Review – #Funtime

It’s hard to start a review for this game without mentioning its terrible title. When I think of the word #Funtime, hashtag and all, the first thing that comes to mind is the image of Becky and her friends posting thirty pictures a day of their trip to Punta Cana on Instagram. Not a twin-stick shooter with trippy visuals that were clearly inspired by the now-classic Geometry Wars series. Let’s just hope that the game is more inventive and interesting than what its dull title might suggest.


You leave a trail behind when you change your ship’s color. It kills enemy ships with the same color, for some reason.

As a whole, #Funtime is just a simplistic throwback to old-school arcade shooters like Asteroids, but with a slightly more modern coat of paint. All while trying to include some new gameplay features to try to stand out from the rest of the very saturated twin-stick shooter crowd. The key word here is “try”. Its visuals and dubstep-heavy soundtrack reminded me way too often of what Geometry Wars was doing over a decade ago. It basically controls just like those games, being your standard twin-stick shooter with an additional (and finite) supply of bombs at your disposal.

The main gameplay feature included in #Funtime is its color-changing mechanic. By pressing one of the four main face buttons on the Dualshock 4, you can change your ship’s color to either blue, green, red, or yellow (that last one is activated by pressing the square button, by the way). Changing your color allows you to get past same-colored lasers and barriers without getting harmed, in a very Ikaruga kind of way.


Try to find my ship in the middle of this mess.

Weirdly enough, you can also use this color-changing gimmick offensively, and it works the opposite way on enemies. You can leave a trail with the same color as your ship, just like a slug, and if a same-colored enemy touches it, it dies. Yep, for some reason, you are immune to same color attacks, yet the enemies are weaker to same colored attacks. It makes little sense and the game does a poor job at explaining it to you. Although, you will get used to it after a while and will even use this extra strategic gimmick to your advantage.

The game tries to improve its overall lasting factor by offering different kinds of modes and not just your average small-arena shooter. There are labyrinthine levels in which you’re tasked with reaching the end goal as quickly as possible, all while avoiding spikes and shooting enemies as usual. Finally, there are levels in which the main goal is to simply survive, using your aforementioned color-changing abilities to avoid being destroyed by laser grids. Not exactly the most exciting modes out there, but I applaud the attempt to make #Funtime meatier than its peers.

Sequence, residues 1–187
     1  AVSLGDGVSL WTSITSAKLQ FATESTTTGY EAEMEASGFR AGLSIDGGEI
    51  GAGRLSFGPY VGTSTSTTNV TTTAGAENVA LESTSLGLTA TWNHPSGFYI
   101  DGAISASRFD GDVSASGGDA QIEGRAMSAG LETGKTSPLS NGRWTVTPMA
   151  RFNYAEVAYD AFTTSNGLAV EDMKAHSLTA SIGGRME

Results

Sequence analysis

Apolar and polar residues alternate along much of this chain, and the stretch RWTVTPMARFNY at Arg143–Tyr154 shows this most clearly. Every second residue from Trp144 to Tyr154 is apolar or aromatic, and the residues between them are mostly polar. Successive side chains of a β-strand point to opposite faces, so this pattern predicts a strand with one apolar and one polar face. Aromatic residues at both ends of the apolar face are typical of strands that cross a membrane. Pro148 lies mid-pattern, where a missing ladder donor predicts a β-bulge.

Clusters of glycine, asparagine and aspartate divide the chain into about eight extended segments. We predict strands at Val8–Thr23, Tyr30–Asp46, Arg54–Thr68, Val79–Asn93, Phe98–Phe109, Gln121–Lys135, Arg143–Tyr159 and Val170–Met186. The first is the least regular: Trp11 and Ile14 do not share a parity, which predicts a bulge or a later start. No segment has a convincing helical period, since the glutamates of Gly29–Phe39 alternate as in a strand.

Just like in Geometry Wars, you have limited stock of screen-clearing bombs.

Sadly, playing #Funtime as a whole isn’t, well, fun. A handful of visual and gameplay issues turn the game into an absolute mess that’s hard to defend. The main issues are the amount of visual noise splattered onscreen, as well as the confusing camera. Instead of featuring fixed arenas that fit in their entirety on one screen, some of #Funtime‘s levels feature larger layouts. This results in a confusing camera following you around with terrible precision.

Add the fact that the enemy design is generic, using the same colors as your ship, and you’ll quickly realize you’re barely able to figure out what’s going on whenever the action gets hectic onscreen. This is usually the moment you’ll get bored with #Funtime and decide to play something else.


Weirdly enough, #Funtime is at its best when it’s straightforward and gimmick-free.

Not exactly a terrible game, but far from being decent either, #Funtime is a game destined to linger in perpetual mediocrity. It has some good ideas, namely the color changing mechanics, but they are poorly explained and make little sense whatsoever. The visual and camera issues also drag the game down quite a lot. You may say that due to the lack of a proper Geometry Wars in this generation of consoles, this game might help scratching that itch. Honestly though, you’re better off playing the Bizarre Creations’ older titles through backwards compatibility instead.


Graphics: 5.5

Its Geometry Wars-inspired graphics would have been better appreciated if the game wasn’t a complete visual mess, throwing so much stuff onscreen to the point you can’t even tell what’s your ship and what isn’t.

Gameplay: 6.5

The game’s relatively simple and straightforward twin-stick shooting controls are hampered by some poorly explained mechanics, framerate issues, and an unreliable camera.

Sound: 6.5

A brief collection of dubstep tunes. They don’t exactly fit the overall theme of the game, but they get the job done. Some of them are even quite catchy, while others are dull and repetitive.

Fun Factor: 5.0

It’s not a complete fun time as its title would imply. It can provide a few minutes of arcadey entertainment at a time, but it features too many flaws that aren’t easy to ignore. You’ll quickly realise that there are lots of better options out there.

Final Verdict: 5.5

#Funtime is available now on PS4, Xbox One, PC and Switch.

Reviewed on PS4.

A copy of #Funtime was provided by the publisher.